How Sensationalism Affects Everyone Involved
In today¡¦s society journalism is under close scrutiny and is losing its credibility. Sensationalism effects both those who receive it in addition to those who report it. This essay will review the history of sensationalism in the media, clearly demonstrate how sensationalism effects ours views on journalism, and confront the ethical dilemmas that journalists must face between reporting objectively and reporting what sells. This will be accomplished by investigating various sources, including articles published on the Internet as well as those published in newspapers and magazines.
Throughout history sensationalism has been represented in all shapes and sizes. Celebrity journalism is amongst the oldest forms of sensationalism. For instance, America¡¦s first real newspaper, Publick Occurrences, Both Foreign and Domestic, reported a story on how the King of France was flirting with the prince¡¦s wife. Furthermore, in the 1830s, there was the creation of the penny press, which appealed to the then growing population of immigrants in our cities. These papers focused on the reporting of crime and celebrities. Sensationalism returned in the late 19th century in the form of ¡§Yellow Journalism¡¨. Joseph Pulitzer and William Randolph Hearst competed viciously for readers of their respected newspapers. They both sensationalized stories about alleged atrocities committed by the Spanish, calling for the United States to step in on behalf of the Cubans. Equally important, when the USS Maine mysteriously blew up, both papers immediately blamed the Spaniards. Today, this incident remains a mystery. In addition many blame the act of ¡§Yellow Journalism¡¨ as the cause for the Spanish/American war. Yet another form of sensationalism popped up in the 1920s, picture tabloids.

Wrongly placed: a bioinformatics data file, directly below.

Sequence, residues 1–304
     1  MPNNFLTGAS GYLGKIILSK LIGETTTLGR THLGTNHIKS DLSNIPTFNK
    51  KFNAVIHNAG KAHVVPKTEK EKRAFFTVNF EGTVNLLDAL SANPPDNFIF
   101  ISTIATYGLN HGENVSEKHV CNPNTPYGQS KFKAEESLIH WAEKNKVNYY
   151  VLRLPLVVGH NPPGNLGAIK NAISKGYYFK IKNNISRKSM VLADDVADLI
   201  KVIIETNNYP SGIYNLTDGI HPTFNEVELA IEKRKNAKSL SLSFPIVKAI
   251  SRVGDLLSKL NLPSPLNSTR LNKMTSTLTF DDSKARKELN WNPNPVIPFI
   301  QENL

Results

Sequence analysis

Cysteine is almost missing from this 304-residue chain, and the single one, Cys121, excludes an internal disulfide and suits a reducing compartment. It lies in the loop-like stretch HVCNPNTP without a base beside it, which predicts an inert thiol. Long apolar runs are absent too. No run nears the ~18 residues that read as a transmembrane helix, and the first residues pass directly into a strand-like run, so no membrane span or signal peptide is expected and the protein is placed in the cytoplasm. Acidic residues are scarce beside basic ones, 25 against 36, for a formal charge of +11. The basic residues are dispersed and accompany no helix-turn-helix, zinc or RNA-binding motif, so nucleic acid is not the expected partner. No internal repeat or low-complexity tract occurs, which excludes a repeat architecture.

Sensationalism still remains a strong force in the current media. May it be in the form of picture tabloid magazines, celebrity journalism, or the violence infested media known as television and movies, the fact is that it sells. As long as there is a market for this type of unethical journalism there will a supply.
Over the years, the general public has depended on the media for its information on current events. On the other hand, the public is becoming less and less confident in the objectivity of the news that is reported. Just last year a reporter for The New Republic and two reporters for the Boston Globe resigned over charges of plagiarism and falsifying stories. In addition CNN ran a story on Vietnam that was proven inaccurate. The radio waves and television sets are flooded with sensationalized shows featuring beautiful young women and handsome men. The news watched today is sensationalized with one catastrophe after another. Is excitement what the market wants, or is the excitement expected because of a precedent set by the corporate owned media? Even in the reporting of sports, sensationalism rules. Channels like ESPN, owned by...